What happens after 50? Are we living longer and healthier? Or are we doing the total opposite? Many research has showed that our musculoskeletal and other physical impairments are common problems affecting the elderly (1). It is inevitable that as we age, our musculoskeletal tissues show signs of increase bone fragility, loss of muscular strength, loss of cartilage resilience, ligament elasticity reduced and our fat redistribution causing a decrease in the ability of the tissues to carry out their normal functions (2). In addition, these deterioration may lead to some of the impairments below, just to name a few:
4. Gout issues
5. Fractures and falls
7. Basal metabolic rate decrease
(Not all of these symptoms affect all older adults equally, if at all.)
The importance of our health at any age, especially after 50, is a topic that cannot be emphasize or highlighted enough to all. As we age, we should all strive to age gracefully, in order to enjoy the years that we deserve, the years we work too hard all of our lives for.
Active ageing, as best described by World Health Organization, is a process of optimising opportunities for health, participation, and security in order to enhance quality of life as people age (3).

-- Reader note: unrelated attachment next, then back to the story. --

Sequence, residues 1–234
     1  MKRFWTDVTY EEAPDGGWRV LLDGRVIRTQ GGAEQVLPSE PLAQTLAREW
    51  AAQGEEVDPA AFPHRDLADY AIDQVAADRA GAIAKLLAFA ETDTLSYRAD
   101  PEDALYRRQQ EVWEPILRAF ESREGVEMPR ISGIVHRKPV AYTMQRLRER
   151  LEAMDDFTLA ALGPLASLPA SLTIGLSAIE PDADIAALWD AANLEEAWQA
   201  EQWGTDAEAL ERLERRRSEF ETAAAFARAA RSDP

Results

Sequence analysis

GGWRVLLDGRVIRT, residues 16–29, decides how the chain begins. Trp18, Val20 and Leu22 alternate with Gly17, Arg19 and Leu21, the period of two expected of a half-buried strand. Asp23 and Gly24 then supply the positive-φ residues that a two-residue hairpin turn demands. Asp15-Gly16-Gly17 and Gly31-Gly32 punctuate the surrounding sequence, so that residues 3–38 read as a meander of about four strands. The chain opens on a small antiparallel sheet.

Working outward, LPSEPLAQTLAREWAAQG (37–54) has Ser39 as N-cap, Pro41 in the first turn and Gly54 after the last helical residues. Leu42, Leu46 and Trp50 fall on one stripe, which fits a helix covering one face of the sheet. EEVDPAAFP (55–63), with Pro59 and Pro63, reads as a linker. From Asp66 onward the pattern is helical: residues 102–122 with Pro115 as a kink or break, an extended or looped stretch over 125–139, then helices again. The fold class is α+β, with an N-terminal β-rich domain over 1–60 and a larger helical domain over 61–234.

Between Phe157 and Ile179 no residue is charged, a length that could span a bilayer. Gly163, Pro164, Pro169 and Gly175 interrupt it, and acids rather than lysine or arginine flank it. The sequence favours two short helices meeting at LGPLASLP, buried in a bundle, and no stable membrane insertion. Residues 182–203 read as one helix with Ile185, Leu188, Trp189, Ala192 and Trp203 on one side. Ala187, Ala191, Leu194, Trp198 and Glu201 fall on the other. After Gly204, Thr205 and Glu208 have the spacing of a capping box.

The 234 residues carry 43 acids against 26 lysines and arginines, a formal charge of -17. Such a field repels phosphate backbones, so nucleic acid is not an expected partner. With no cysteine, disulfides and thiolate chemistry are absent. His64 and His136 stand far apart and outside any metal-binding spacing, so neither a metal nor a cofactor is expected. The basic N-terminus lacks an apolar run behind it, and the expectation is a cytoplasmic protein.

As cited by The American College of Sports Medicine, has showed that physical activity and exercise intervention has seen significant benefits in older adults. Physical activity in their daily routine helps reduces the risk of chronic diseases, preserves ability to perform daily living activities, increases life expectancy and improves overall physical health that combat the effects of ageing (4).
Thus, I have put together 3 easiest, most convenient and essential strength exercises that focuses on training the major muscles on older adults to aid overall stabilisation and fall-prevention efficacy.
** Disclaimer: All exercises recommended below are solely for ageing adults who are independent, with no injury or disabilities at hand. If there is any pain or injury, do consult a doctor before embarking on any of these exercises.
1. Pelvic Floor Strengthening
The objective of pelvic floor muscle exercise is to strengthen the pelvic floor supporting your bladder and rectum. Weak pelvic muscles might cause pelvic floor disorders or geriatric urinary incontinence (UI), which are conditions that are usually underestimated yet high in prevalence (5). Therefore, pelvic floor rehabilitation is an important strategy for treatment. By practicing pelvic floor muscle exercise regularly, it will enhance your urinary and bowel control.
Kegel exercise is suitable for both men and women. It focuses on tightening and holding the muscles that control urine flow.
Here's how to do it:
1. Sit in a comfortable position, close the eyes, and visualize the muscles that can stop urine flow.
2. Tighten these muscles as much as possible.
3. Hold this position for 3–5 seconds. It should feel as though the muscles are lifting up as a result of the squeezing.
4. Release the muscles and rest for several seconds.
5. Repeat up to 10 times.
People can vary this exercise by performing it while standing, lying down, or crouching on all fours.
2. Lower Body Strengthening